Ten Great Tips for Successfully Defending Your Dissertation
Posted date: September 21, 2017
Perhaps this article’s title ought to be changed so that it reads “How to survive a dissertation defense” since all of these projects differ from one to another. Additionally, dissertation committees differ from one to the next and, consequently, every defense meeting is unique and different. The tips provided below come from various people who are in a position to give such advice and from the hindsight observations of people who have at one time or another had to defend their own dissertations. The approach a student takes can vary depending on their particular topic, their field of study, and/or the university they are attending. You are welcome to contact XXX.com if you have any useful tips you would like to add.
List of ten useful tips
- Keep in mind that dissertation committees want to see students succeed
Usually this is the case. A committee is unlikely to allow a student to get to the point of being asked to publicly defend their dissertation if they believe the student is unlikely to pass. By the time of a defense meeting, they will have had drafts of your paper and have had chance to comment on it. Therefore, they are familiar with it and they know if it is in good shape. The questions they put to you will be difficult but, mostly, they will not attempt to trap you with questions that are unrelated or unanswerable.
- Make sure you know your material thoroughly
When your defense comes around, it is most likely you have been working on the project for many months or even years. It is probably something you have given endless thought to, discussed in detail, written extensively about, and fretted about to at least some extent if not non-stop for quite some time. Most likely you are familiar with every word of it.
- Understand when to stay silent
This is a piece of advice our experts often give to students right before their defense and some take it seriously to their benefit. When the day of their defense arrives a lot of students get nervous or it may be that they are not sure about a particular answer. Almost the worst option in these circumstances is to start rambling on in the hope you will say the right thing. This is likely to cause you to flounder completely or to meander into an area you are not adequately prepared for. The best option is to stay quiet and wait to see if your examiners have any further or follow-on questions.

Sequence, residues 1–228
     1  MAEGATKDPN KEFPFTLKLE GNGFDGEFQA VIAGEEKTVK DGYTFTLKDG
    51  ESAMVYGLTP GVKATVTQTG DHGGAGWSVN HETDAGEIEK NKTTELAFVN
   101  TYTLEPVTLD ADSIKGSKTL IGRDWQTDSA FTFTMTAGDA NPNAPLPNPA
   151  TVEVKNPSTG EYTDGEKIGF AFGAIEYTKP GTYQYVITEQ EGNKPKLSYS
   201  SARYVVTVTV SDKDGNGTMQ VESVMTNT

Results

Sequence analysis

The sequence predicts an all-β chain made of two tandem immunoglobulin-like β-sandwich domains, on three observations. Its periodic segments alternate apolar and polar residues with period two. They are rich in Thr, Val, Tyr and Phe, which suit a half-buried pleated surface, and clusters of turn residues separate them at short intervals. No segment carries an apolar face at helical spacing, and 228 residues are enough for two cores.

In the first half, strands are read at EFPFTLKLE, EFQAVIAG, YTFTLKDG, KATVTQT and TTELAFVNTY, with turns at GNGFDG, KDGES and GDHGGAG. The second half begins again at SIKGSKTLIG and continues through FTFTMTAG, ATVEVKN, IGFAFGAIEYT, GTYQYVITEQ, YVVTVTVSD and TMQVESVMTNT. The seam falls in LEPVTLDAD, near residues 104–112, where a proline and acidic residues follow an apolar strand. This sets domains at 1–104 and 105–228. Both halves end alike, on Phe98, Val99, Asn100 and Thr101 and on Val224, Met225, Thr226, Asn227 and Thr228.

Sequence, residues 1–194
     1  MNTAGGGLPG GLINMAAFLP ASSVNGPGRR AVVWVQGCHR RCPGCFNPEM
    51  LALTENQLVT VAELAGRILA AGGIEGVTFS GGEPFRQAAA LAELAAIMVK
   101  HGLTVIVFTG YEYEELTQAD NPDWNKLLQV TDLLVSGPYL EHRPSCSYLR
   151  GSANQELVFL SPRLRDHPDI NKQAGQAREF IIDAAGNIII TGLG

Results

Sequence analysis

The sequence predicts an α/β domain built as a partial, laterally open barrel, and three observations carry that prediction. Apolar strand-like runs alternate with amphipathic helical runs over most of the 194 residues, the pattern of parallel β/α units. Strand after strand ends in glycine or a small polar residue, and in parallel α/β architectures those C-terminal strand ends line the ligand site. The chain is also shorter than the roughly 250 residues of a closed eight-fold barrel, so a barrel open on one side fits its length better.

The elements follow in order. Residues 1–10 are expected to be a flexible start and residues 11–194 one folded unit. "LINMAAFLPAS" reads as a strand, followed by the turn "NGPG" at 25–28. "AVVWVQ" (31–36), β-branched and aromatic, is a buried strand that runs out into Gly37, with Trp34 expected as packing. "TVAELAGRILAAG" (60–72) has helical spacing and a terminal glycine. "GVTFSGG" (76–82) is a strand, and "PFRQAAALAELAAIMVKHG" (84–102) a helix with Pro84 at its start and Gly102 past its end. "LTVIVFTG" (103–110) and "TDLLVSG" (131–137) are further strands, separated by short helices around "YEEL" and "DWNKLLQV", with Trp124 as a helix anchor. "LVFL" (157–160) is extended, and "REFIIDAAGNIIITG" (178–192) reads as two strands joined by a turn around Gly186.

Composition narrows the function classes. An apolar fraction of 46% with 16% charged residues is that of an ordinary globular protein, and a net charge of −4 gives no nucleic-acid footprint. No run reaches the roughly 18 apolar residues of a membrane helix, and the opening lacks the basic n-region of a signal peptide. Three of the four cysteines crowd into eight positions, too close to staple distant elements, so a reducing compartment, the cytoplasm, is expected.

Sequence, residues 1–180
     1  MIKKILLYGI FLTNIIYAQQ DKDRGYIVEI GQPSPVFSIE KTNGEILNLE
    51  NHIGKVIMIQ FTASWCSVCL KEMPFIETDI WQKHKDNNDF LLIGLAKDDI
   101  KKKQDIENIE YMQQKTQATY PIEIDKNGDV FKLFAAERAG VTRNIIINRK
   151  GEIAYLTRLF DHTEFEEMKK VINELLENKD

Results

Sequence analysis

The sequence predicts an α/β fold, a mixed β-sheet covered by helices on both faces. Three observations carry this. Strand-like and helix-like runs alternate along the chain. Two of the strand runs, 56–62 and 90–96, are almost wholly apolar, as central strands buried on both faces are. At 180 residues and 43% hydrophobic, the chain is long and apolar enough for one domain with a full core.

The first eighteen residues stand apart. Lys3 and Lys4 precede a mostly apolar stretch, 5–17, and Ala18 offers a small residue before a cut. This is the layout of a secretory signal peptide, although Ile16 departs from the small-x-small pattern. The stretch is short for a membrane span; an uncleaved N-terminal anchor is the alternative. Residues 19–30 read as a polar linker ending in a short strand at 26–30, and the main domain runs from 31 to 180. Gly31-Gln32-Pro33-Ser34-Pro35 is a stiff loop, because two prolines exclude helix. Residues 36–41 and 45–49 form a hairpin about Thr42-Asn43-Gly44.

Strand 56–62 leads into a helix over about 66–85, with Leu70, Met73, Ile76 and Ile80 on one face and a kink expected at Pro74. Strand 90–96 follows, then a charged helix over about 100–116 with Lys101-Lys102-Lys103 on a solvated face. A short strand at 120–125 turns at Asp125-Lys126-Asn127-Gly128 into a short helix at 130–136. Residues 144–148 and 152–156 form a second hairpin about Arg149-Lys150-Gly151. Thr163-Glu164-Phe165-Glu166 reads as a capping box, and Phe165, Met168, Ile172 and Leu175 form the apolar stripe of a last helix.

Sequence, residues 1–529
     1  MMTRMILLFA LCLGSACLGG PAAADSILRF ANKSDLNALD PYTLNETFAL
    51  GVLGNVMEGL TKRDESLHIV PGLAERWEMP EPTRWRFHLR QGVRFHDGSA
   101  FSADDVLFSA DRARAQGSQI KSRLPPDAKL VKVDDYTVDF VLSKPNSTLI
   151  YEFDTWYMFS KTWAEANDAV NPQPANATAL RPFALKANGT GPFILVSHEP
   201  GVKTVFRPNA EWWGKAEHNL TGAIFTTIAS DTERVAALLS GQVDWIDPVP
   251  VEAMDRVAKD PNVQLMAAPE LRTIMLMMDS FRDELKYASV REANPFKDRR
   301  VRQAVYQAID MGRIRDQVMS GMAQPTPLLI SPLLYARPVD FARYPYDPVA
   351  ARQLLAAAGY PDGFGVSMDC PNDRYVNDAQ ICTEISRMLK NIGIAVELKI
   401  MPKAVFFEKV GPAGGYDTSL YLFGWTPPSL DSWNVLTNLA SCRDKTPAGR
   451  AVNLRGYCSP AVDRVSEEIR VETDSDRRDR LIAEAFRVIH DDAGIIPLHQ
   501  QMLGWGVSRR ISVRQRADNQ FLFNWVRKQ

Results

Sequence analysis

- Know that your dissertation committee is also performing
Keep in mind that the members of a dissertation committee are
usually performing to an audience and for each other’s benefit to the same extent as the person defending his or her thesis. Knowing this can take some of the intimidation out of the process for you.
- Keep everything simple on the day
When you are summing up your dissertation project, keep it quite simple by just telling the committee what you actually did. For example, “Here is the project I did. This is the question I asked. This is the topic I researched.” (Faculty members often recommend this approach.)
- Answer each question directly and honestly
Some students and presenters tend to adhere to “Fog of War” advice. This advice (from a documentary by Error Morris) is not to answer the question that was asked but rather to answer a question you wish you had been asked. This might work in politics and sometimes in conference situations but it does not work for a dissertation defense. The members of your committee have considerable expertise in their chosen fields and they have defended their own dissertations and have sat in on the defenses of other candidates. Therefore, they are good at spotting attempts at diversion. Your best option is to tackle the question you are asked directly and try to answer it as closely as you possibly can. This then takes us neatly to the two following points.
- If you do not know, say so
You should not feel any shame in having to admit you are not sure of the answer to a particular question. Saying flatly you do not know is probably not the best approach, but you could precede your attempt at an answer with such words as, “I am not exactly sure how best to answer this, but ...” This can work well. A lot of students find that if they say something like “I am not sure if this answers your question” when they are part-way through or near the end of an attempted answer tends to invite clarification or further guidance. This should be taken in conjunction with point No 3 i.e. the point about knowing when to say nothing.
- You cannot possibly know every single thing
You will have considerable expertise in the area or field your dissertation relates to, and it is quite possible you are more of an expert in some aspects of your subject than members of your dissertation committee. Still, it is not possible for you to know every single thing. If or when questions go beyond your area of expertise or topic, it is acceptable to admit you are unfamiliar with this new or different topic.
- Sleep well the night before
Too much cramming the night before or too much worrying will not help you. A good sleep, if this is possible, might work wonders.
- Enjoy the moment
This might sound a bit odd. Someone, possibly someone from your faculty, might give you this advice on the eve of your defense. However, when you consider it in tandem with some of the previous points, it does make sense. Here is your opportunity to demonstrate the expertise the committee believe you have, so why not have a little fun. After all, this is your moment to shine.